Sameness and difference

In the previous section, you have seen that the same intonation contour can be produced by different speakers, or even be produced in audibly different ways by a machine. That is, in this course, you are not trained to describe all the differences you can hear, but only those that determine the linguistic identity of a contour, in other words, only the contrastive differences.

Very large (but not linguistically contrastive) phonetic differences may exist between the same contours. One source of variation is the pitch span. Listen to the following three pronunciations of the sentence "De deur is helemaal kromgetrokken". The highest pitch and the low end pitch are indicated in Hz.

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In general, the wider the pitch span, the more emphatic will be the pronunciation. The point here is that all three pronunciations represent the same sentence, spoken with the same intonation contour. We can change the sentence by replacing "kromgetrokken" by "scheefgetrokken", or we can change the intonation contour by pronouncing the sentence like this:

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Variations in pitch register will move a contour up or down in the speaker's pitch range. When women imitate the speech of men, they usually bring their pitch down, and pronounce everything at a lower register (for them), while conversely, men will raise their register when imitating the speech of children or women. Here is an example of a sentence pronounced at two registers by the same speaker.

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Manipulations of the pitch span and the pitch register can have very dramatic communicative effects, but this course is not concerned with these aspects of speech production.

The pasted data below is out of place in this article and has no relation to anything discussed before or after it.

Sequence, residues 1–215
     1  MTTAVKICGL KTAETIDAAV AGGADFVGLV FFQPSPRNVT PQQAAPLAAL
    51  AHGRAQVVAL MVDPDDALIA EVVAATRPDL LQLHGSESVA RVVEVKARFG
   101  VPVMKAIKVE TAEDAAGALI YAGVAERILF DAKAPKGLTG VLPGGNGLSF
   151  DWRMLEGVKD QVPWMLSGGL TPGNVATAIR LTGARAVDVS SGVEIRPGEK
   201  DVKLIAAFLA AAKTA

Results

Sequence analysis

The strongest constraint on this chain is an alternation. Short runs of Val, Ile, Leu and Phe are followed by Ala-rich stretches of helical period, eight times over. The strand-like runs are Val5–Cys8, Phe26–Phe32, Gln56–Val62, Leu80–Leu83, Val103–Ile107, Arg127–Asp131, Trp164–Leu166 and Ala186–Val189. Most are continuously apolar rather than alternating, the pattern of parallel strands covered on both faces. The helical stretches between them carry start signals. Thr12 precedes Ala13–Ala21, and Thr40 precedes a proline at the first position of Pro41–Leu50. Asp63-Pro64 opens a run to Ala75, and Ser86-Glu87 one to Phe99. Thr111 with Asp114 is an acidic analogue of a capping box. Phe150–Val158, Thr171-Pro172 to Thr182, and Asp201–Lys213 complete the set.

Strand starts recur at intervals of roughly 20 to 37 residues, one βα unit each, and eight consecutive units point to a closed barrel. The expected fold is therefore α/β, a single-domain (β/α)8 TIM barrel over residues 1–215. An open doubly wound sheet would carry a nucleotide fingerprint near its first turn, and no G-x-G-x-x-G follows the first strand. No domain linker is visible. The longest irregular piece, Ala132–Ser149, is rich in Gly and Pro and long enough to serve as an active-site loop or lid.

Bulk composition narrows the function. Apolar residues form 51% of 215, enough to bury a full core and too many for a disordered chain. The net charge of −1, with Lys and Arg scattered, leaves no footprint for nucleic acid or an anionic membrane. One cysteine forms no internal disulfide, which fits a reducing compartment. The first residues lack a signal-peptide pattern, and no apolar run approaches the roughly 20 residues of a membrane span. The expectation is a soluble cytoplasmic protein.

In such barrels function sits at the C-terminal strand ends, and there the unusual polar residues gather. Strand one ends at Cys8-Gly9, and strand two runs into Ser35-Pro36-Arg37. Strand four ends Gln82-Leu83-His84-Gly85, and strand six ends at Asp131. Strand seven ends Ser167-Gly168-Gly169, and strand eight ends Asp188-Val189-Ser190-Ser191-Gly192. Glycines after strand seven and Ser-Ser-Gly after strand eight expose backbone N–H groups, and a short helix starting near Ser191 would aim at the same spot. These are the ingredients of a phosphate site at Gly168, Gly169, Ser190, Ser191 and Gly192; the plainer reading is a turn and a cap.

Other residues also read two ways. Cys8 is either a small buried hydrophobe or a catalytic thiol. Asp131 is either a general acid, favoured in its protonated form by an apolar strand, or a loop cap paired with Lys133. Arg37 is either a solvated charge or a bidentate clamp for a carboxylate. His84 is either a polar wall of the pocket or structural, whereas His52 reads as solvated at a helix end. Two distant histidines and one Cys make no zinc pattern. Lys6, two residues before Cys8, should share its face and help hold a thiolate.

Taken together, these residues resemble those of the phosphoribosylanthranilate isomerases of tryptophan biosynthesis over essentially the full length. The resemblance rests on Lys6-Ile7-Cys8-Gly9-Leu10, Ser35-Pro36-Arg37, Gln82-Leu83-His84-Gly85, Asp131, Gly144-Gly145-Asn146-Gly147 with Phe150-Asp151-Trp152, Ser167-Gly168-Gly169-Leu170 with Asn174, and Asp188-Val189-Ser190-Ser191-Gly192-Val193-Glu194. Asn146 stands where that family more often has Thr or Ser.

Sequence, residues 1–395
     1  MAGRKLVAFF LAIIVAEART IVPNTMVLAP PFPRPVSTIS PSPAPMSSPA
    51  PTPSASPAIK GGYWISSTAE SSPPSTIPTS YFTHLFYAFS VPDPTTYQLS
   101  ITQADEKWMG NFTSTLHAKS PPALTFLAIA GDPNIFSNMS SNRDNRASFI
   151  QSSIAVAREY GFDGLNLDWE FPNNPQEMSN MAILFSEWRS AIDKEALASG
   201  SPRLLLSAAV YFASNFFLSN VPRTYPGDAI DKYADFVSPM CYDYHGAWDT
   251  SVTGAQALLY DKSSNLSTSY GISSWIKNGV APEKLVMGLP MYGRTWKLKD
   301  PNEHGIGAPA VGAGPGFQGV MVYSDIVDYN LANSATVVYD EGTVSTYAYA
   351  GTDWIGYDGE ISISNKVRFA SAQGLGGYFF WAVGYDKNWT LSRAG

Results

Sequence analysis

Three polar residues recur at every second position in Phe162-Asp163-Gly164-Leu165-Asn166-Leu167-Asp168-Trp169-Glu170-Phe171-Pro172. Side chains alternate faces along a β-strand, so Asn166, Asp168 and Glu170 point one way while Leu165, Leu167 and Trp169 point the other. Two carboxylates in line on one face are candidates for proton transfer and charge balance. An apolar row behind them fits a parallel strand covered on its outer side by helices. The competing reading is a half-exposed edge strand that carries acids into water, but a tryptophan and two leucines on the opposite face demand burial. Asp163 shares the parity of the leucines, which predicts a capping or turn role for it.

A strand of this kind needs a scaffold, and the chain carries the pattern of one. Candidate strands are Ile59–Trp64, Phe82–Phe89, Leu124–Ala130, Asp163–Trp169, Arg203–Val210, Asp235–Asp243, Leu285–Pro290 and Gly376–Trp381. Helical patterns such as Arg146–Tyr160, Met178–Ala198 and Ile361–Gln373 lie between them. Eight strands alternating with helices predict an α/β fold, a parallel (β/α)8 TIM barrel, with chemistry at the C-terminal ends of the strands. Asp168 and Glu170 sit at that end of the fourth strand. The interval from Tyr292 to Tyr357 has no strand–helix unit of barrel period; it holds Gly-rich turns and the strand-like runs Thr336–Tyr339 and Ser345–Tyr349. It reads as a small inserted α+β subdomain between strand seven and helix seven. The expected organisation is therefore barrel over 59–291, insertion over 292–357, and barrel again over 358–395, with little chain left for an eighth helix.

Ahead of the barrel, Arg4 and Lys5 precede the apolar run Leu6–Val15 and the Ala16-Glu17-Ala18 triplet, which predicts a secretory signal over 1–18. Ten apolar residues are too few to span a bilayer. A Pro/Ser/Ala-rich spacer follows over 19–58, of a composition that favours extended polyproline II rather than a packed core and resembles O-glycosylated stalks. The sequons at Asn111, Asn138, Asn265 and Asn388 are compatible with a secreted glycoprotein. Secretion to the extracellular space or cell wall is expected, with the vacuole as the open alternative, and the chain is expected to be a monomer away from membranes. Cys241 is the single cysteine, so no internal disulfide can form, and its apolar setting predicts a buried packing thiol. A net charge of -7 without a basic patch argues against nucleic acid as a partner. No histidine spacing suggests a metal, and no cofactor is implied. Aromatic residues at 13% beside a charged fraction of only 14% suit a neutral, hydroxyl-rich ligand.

Perhaps unexpectedly, linguistically different contours may be very similar phonetically. Frequently, this situation arises for pre-nuclear pitch accents in the IP: we may not be certain whether it is there or not. In such cases, it will not make much of a difference whether we transcribe a pitch accent, since with or without, the result sounds much the same. Here is an example, with the doubtful pitch accent placed in brackets. (Don't worry about the transcription symbols, which will all be dealt with later in the course.)

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When transcribers come up with different analyses of the same utterance, this either means that they have come upon a doubtful utterance, in which case both transcriptions have something to recommend themselves, or one of the transcribers has made a error. Some of those errors are well-known, and easy to identify. We will identiy each of these as "frequent error no#" at the point in the course where they are best dealt with.


Proceed with section 0.5.